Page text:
Say what you will about that crook John Allen (a con man who’s brought his son Bob up to follow him into the family business), it’s hard to argue with his credo: “It’s about moving to an island full of topless women, not dragging my ass to a cubicle every day.”
Bob wants out. He’s fallen in love. Twice over. He’s looking to go legit – well, as legit as a bigamist can go – and he wants to set his dad up with a cushy corporate gig at the very company that they’ve been planning to rip off. The company is Thatcher Oil, a family business run by a grizzled old-timer, Clint Thatcher (played by Oscar winner Jon Voight, with varying degrees of success pulling off a convincing Texan accent.)
Bob is married to Clint’s daughter, Cat (Adrianne Palicki from Friday Night Lights), and they’ve got a big house in Houston. But he’s also shacking up with a dream of a girlfriend in Midland, where he and his father have been busily selling fake oil and gas leases. She’s more than understanding when he disappears for days on business trips, though he’s spending much of that time living his second life. He’s got his routine down, switching out wallets and cell phones as he moves back and forth across the state.
It’s not clear how Bob and John were going to fleece Thatcher. Those plans are out the window by the pilot’s end, at any rate. Clint asks Bob to take a job with his company. This invitation seems to come as a shock. I don’t understand why. If Thatcher was their target, and if Bob (presumably) married Cat to get close to the company, didn’t he and his dad think a job offer from the Thatcher family patriarch was a possibility?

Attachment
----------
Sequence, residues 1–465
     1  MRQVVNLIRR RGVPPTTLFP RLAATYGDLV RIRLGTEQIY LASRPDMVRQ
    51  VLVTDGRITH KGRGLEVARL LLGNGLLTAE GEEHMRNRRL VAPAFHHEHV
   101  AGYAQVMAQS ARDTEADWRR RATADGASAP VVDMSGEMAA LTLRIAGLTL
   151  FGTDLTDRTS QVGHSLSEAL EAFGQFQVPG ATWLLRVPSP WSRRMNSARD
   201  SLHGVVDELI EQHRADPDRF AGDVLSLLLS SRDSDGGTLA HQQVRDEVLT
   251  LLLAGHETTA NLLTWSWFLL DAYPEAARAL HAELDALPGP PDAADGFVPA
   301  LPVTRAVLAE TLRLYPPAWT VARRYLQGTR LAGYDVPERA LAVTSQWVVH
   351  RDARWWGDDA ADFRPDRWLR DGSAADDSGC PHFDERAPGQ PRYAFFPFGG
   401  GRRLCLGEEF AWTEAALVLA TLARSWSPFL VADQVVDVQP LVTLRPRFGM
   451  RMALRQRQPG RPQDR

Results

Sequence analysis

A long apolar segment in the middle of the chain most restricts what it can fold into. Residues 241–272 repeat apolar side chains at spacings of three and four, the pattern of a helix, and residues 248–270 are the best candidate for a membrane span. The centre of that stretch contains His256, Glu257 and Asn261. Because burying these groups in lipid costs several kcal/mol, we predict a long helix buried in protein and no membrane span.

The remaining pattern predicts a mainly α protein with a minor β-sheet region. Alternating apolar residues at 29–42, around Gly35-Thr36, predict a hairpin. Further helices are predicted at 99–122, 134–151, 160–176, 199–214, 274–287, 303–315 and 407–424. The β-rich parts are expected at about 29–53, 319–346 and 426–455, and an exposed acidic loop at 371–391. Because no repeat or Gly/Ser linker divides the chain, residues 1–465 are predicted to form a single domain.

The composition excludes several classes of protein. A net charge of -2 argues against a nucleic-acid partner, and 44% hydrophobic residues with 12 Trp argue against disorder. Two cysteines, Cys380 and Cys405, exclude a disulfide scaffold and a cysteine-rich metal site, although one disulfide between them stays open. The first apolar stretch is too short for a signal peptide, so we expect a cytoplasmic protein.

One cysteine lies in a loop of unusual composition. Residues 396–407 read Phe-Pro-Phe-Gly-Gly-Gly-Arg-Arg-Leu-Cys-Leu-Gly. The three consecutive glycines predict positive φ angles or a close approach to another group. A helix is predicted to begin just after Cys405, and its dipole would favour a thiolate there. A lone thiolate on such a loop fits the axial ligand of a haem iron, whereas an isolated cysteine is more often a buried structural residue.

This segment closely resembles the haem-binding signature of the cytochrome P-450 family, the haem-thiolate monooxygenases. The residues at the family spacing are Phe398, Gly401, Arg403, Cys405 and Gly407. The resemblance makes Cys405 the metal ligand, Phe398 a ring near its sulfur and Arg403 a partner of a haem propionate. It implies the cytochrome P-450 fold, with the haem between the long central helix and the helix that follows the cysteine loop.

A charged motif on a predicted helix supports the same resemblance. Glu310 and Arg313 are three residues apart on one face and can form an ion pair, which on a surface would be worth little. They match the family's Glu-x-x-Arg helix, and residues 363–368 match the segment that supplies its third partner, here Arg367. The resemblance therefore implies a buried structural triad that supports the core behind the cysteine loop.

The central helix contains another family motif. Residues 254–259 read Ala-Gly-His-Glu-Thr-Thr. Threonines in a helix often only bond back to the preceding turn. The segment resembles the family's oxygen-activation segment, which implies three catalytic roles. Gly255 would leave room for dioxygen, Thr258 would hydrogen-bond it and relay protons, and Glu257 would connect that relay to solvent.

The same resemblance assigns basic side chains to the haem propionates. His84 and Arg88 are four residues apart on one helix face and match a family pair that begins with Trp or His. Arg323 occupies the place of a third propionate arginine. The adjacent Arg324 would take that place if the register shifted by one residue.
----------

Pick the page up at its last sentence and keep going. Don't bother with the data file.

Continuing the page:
Regardless, Bob tells John that he wants to take the job “for real.” He’s been faking his way through the oil business for long enough that he now knows what he’s doing. (Is it cynical of me to think there are a number of real oil executives who could/would say the same thing?) But John will hear none of it. He’s not interested in a regular gig. He wants to make one big score of cash and get off to that tropical island dream. Bob prefers to hold onto his American Dream(s).
Halway through the episode it appears that he’ll have to give up his cute-as-a-button house and girlfriend in Midland. The West Texas fuzz is closing in, and it’s time to take his always-packed suitcase and skedaddle. At first he’s resistant to leaving, but then he remembers that his girlfriend’s parents are among the many people in town that he’s scammed out of their savings. So off he goes, tossing his cell phone in the trash, and headed to Houston with no intention of returning.
It’s his wife Cat who finally gives him the pep talk that causes him to change his mind. “There are people in this world who try to have it all, and they’re the ones who usually end up with everything,” she says. She doesn’t know that she’s giving him the advice that spurs him to return to Midland and whisk his girlfriend away to Las Vegas to make an honest woman of her. Cat thinks she’s just reassuring him that he’s capable of succeeding at her father’s company.
There was something extremely pragmatic about her worldview during this speech. Prediction: when she eventually discovers that her husband is a con man, she’ll actually help him cover for his crimes. But she won’t find out about his second wife at the same time, which means he’ll still have something to hide from her.
So Bob makes up his mind that he can have it all. He’ll steal from Thatcher Oil to pay off the people he cheated in Midland, and somehow make so much money for Thatcher in the process that they won’t even notice. And he’ll balance his two marriages.
But will Cat’s suspicious brother find Bob out before he can execute his plan? Can this show sustain the promising premise established by the pilot episode? Will Susan Saffron Fine Jewelry see a spike in sales from all the product placement they got in this episode? And, again, why did they set this show in Houston when it’s shot in Dallas?
image: Bob Allen (James Wolk) chooses not to choose between Cat (Adrianne Palicki, left) and Lindsay (Eloise Mumford). Publicity shot.